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Let $z_1,z_2$ be two complex numbers. It is well known $|z_1+z_2|\le |z_1|+|z_2|$. Is there any refinement of this basic inequality?

Modified.

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This already fails remarkably for the positive reals, so how can you hope to find such a constant $c$? –  t.b. Jun 24 '11 at 0:17
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It is always a good idea to try some examples before making a conjecture. Do some simulations if the situation is complicated, which is not the case here. –  SteveH Jun 24 '11 at 0:35
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(-1) because the question has been changed to expel the answers from their original context. –  The Chaz 2.0 Jun 24 '11 at 1:38
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4 Answers 4

up vote 10 down vote accepted

As you have already seen from the previous answers of joriki and Isaac, there cannot be a naive refinement. As an inequality on the complex numbers, the statement of the triangle inequality is sharp, meaning that you can find pairs $z_1, z_2$ such that $|z_1 + z_2| = |z_1| + |z_2|$, and so you cannot refine the inequality by changing constants.

However, there is at least one way of refining the triangle inequality. But this requires taking in "additional" information. And I am sure you have learned this refinement already: it is called the Law of Cosines. Written relative the the complex numbers

$$ z_1 = r_1 \exp i\theta_1 \qquad z_2 = r_2 \exp i\theta_2 $$

in polar representation, this says that (I'll first write it in the subtractive form so it is intuitively clearer)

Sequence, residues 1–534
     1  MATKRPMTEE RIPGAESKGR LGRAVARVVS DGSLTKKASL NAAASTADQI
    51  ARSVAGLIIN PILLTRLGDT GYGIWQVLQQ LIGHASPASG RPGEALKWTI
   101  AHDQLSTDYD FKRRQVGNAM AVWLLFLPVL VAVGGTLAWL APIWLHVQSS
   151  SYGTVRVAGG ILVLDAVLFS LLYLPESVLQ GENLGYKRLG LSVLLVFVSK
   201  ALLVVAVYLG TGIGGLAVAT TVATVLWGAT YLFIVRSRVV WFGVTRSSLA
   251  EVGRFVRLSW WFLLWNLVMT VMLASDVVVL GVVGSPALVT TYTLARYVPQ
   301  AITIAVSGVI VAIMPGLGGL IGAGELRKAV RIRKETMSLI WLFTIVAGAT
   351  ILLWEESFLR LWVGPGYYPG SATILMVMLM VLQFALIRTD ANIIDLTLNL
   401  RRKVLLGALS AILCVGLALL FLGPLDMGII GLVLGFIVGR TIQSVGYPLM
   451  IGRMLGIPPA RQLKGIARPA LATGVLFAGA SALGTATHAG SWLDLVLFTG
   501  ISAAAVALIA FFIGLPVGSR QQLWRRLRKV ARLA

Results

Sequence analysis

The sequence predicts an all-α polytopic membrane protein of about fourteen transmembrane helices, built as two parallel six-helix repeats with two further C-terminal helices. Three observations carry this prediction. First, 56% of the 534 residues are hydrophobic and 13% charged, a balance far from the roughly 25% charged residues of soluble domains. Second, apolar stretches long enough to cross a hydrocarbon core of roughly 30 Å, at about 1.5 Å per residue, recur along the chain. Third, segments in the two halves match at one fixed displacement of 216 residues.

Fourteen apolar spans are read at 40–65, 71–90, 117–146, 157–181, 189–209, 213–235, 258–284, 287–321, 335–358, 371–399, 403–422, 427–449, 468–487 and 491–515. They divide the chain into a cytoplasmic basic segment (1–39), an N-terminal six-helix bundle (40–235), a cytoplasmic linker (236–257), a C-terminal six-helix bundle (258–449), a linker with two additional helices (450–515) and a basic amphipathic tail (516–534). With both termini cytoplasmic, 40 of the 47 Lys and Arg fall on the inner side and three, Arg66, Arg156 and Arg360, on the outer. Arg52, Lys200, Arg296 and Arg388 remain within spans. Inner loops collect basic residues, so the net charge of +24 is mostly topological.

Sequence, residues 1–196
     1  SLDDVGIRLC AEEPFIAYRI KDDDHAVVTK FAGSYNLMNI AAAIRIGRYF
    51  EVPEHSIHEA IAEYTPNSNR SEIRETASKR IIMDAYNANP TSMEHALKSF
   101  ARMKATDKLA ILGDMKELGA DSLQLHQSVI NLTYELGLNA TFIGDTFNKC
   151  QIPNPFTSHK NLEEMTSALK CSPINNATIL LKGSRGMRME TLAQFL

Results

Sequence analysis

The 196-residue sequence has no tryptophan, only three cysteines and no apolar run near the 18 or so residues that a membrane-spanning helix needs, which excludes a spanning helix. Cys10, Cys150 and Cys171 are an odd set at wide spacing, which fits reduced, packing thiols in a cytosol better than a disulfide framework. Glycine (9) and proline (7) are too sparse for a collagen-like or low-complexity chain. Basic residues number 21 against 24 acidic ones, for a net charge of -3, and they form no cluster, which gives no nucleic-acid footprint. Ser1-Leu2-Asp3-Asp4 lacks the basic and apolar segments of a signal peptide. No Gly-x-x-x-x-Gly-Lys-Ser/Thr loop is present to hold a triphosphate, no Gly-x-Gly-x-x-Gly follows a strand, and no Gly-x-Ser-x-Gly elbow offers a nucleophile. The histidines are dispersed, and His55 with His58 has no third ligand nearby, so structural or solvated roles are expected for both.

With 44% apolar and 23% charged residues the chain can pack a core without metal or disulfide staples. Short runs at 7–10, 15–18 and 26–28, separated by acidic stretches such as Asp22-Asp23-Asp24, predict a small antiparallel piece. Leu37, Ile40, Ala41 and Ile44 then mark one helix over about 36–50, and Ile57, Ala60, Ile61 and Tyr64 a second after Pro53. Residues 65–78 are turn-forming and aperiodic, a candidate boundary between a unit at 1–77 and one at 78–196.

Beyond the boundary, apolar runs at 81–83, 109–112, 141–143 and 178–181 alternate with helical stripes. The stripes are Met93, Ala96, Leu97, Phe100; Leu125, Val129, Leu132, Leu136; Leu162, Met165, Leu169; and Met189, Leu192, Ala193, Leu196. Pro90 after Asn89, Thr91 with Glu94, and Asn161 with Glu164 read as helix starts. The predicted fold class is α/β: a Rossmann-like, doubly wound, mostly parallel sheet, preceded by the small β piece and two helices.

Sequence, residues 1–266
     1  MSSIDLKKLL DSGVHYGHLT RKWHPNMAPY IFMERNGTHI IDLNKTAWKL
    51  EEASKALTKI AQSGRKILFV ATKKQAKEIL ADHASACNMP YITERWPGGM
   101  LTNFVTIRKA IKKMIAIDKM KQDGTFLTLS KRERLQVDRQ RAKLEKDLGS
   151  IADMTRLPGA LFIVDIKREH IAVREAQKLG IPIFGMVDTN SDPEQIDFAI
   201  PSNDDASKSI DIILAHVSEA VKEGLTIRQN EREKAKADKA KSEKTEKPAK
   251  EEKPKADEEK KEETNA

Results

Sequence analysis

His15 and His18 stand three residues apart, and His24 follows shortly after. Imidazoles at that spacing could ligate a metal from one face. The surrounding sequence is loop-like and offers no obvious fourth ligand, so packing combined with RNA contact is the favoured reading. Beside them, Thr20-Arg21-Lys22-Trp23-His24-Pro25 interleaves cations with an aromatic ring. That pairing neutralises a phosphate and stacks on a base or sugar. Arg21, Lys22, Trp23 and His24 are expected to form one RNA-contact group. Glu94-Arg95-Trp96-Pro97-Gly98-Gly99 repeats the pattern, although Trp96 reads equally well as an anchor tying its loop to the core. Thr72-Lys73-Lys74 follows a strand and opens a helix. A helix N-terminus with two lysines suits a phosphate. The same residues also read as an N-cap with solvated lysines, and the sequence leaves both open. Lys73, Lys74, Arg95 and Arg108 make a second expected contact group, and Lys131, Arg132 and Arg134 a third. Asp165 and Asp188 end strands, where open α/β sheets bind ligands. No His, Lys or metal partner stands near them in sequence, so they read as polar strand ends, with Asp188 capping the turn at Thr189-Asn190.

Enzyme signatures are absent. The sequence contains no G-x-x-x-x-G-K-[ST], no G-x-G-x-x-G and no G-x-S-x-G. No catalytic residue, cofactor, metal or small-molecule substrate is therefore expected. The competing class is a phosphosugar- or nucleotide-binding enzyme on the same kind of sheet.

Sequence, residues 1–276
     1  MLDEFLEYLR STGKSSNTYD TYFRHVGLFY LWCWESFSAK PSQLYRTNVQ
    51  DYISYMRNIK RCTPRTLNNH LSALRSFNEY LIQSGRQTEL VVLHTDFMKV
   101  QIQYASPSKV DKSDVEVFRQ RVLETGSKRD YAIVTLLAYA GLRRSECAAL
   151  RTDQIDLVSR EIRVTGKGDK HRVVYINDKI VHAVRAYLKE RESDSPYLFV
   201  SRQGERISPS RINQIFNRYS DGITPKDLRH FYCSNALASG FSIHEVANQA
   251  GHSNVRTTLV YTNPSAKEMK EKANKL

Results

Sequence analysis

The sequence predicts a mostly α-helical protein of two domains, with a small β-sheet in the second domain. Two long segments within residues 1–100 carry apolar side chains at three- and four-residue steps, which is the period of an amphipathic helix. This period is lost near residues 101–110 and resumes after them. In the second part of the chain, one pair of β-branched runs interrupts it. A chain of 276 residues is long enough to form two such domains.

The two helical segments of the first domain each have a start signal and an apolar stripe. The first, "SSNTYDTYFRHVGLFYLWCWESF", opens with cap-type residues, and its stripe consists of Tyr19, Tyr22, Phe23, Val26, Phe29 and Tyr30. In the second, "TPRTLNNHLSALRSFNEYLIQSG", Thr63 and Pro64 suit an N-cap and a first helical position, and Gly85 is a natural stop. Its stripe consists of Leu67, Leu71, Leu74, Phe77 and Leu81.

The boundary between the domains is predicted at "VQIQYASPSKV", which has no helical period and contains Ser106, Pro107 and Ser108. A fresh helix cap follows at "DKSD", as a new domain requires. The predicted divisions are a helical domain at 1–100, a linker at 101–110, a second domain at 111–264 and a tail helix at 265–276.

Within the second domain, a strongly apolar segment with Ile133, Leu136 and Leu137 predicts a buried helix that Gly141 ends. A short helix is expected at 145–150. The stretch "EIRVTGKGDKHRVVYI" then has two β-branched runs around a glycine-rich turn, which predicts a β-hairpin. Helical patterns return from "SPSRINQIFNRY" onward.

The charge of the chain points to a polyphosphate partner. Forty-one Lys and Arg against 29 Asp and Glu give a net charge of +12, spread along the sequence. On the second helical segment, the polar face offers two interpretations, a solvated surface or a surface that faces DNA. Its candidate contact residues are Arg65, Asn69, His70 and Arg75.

$$ |z_1 - z_2|^2 = r_1^2 + r_2^2 - 2 r_1 r_2 \cos(\theta_1 - \theta_2) $$

Now replace $z_2 \to -z_2$ ($\theta_2 \to \theta_2 + \pi$) we have the additive form

$$ |z_1 + z_2|^2 = r_1^2 + r_2^2 - 2 r_1 r_2 \cos(\theta_1 - \theta_2 + \pi) $$

Since shifting cosine by $\pi$ amounts to multiplying it by -1, we get

$$ |z_1 + z_2|^2 = (r_1 + r_2)^2 + 2 r_1 r_2 \left[\cos(\theta_1 - \theta_2) - 1\right] $$

The classical triangle inequality uses the fact that the term inside the square brackets is non-positive, so we can omit it and take square roots on both sides and re-obtain the triangle inequality. Now, depending on the size of $\theta_1 - \theta_2$, one can obtain more precise estimates of the size of $|z_1 + z_2|^2$ using different polynomial expressions in the angle difference. One may think that this is somewhat silly thing to do, since we already have the exact expression available. But it turns out for many purposes, polynomials are a lot cleaner to handle than trigonometric polynomials. As an example, these types of refinements are very important when studying resonances in nonlinear partial differential equations.

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+1 for your nice answer. Can this kind of refinement be generalized to $n$ complex numbers? –  Sunni Jun 24 '11 at 2:34
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There can't be such a refinement since equality holds in the triangle inequality whenever $z_1$ and $z_2$ differ only by a positive real factor, whereas $|z_1-z_2|$ isn't $0$ (unless the factor is $1$).

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Let $z_1=2$ and $z_2=1$ so that $$|z_1+z_2|=|2+1|=3$$ and $$|z_1|+|z_2|-c|z_1-z_2|=|2|+|1|-c|2-1|=3-c.$$

In order for $|z_1+z_2|\le |z_1|+|z_2|-c|z_1-z_2|$ to hold, $$3\le 3-c,$$ so $$c\le0,$$ which contradicts your premise that $c$ is positive. So there cannot be such a refinement.

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Related to Willie Wong's answer and others, although the inequality cannot be strengthened, it is possible to specify exactly when the equality holds and exactly when you will have a strict inequality.

Specifically, for real numbers we have:

For all real numbers $a$ and $b$, $|a+b|\leq |a|+|b|$, and equality holds if and only if $a$ and $b$ have the same sign (that is, $ab\geq 0$).

For complex numbers, one likewise has:

For complex numbers $z_1$ and $z_2$, $|z_1+z_2|\leq |z_1|+|z_2|$, with equality if and only if $z_1$ and $z_2$ have the same argument.

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Thanks for your comment. –  Sunni Jun 24 '11 at 12:10
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